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Riparian Ecosystem Creation and Restoration:
A Literature Summary


Table 4. Riparian ecosystem creation/restoration information availability and need as indicated by the synthesis of 92 riparian records in the WCR Data Base. (Availability and need are listed in approximate decreasing order).

Availability Need
U.S.; regional; localEcology of natural, undisturbed riparian ecosystems (particularly in the West)
Planting; other techniques; construction; labor; monitoring; total project; planning; cost: benefit ratiosCost: benefit analyses (including comparisons with conventional methods, e.g., sewage treatment); costs of all project aspects
Fish and wildlife habitat; hydrologic flow (including flood control); erosion control; water quality improvement; groundwater recharge/discharge; food chain support; recreation; food/timber productionCreating and restoring riparian habitat functions (particularily other than fish and wildlife habitat); monitoring functions; evaluating functions of created or restored riparian ecosystems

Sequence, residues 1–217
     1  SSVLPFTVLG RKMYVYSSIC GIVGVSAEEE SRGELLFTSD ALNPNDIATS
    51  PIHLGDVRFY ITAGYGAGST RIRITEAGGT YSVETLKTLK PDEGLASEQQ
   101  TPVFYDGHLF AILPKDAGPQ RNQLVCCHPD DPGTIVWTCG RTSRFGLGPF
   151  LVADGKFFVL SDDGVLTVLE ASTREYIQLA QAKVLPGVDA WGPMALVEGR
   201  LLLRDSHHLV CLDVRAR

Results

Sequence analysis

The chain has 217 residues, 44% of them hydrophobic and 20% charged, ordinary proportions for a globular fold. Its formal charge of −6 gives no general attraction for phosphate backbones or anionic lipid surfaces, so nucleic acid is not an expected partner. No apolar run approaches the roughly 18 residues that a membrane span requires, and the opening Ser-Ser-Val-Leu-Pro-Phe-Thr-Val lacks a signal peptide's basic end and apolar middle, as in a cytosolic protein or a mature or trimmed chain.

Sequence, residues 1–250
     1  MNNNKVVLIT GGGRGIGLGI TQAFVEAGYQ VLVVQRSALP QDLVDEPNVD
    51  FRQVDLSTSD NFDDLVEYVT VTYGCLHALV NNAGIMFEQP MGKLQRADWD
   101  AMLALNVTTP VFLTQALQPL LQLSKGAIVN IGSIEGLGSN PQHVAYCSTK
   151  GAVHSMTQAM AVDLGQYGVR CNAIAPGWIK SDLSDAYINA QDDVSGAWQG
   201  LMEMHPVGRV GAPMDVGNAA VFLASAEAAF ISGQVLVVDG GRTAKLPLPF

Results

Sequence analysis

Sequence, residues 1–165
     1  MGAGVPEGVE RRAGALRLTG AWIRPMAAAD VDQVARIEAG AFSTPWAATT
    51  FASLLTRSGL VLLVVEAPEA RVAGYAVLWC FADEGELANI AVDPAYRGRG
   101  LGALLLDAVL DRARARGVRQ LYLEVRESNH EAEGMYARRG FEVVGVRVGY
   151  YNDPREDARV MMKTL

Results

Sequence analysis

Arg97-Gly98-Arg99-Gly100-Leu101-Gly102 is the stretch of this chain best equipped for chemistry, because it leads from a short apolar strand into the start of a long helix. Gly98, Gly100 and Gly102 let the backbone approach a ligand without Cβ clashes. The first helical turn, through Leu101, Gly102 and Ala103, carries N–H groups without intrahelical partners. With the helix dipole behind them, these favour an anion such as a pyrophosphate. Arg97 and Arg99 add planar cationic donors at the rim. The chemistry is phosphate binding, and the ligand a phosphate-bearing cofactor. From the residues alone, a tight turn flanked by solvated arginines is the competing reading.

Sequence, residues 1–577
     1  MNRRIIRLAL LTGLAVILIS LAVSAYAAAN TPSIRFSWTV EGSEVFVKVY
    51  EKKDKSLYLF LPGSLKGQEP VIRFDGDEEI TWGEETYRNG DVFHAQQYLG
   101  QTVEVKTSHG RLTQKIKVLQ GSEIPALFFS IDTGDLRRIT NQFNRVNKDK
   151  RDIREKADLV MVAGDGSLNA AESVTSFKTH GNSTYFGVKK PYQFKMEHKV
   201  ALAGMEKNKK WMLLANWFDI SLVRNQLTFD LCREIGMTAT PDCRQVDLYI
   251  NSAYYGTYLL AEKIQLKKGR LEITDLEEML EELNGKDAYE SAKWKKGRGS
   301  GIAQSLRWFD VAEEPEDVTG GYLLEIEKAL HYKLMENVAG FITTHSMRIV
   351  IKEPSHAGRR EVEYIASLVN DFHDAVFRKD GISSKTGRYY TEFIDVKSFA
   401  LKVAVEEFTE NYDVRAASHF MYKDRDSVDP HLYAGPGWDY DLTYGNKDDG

Baseline data (vegetation, hydrology, fish and wildlife, water quality, soil, historical, models); goals and objectives; site selection (created/restored, control); design; planning teamQuantifying objectives; incorporating habitat functions in the design; determining causes for ecosystem degradation; evaluating existing and future watershed conditions; determining hydrologic regimes; quantifiying desired recover rates
Planting (including plant selection, seeding, transplanting, controlling water levels, irrigating, fertilizing, clearing, burning, and using biocides); fencing from cattle; landforming; bank stabilizing and installing instream devices; treating soil (including transplanting soil); stocking fish or beaverLandforming to incorporate wetland functins; selection and propagation of native plants; selection of plants to fulfill riparian ecosystme functions (e.g., wildlife habitat, erosion control)
Parameters (vegetation, hydrology, fish, birds, water quality, soil, invertebrates, mammals, water and soil chemistry, reptiles, amphibians, human use); techniques; time period and frequencyCollecting, analytical, and interpretive techniques; various habitat functions; long- term; nonresident wildlife; mammals; nongame species; nonobligate riparian wildlife
Evaluating Success
Plant survival, growth, and succession; fish, wildlife, and invertebrate populations; hydrologic factors; water quality; sedimentation; comparisons with control, natural site, and preproject siteVariety of physical and biotic variables; comparisons with control, natural site, and preproject site; ecosystem functions; long- term evaluations

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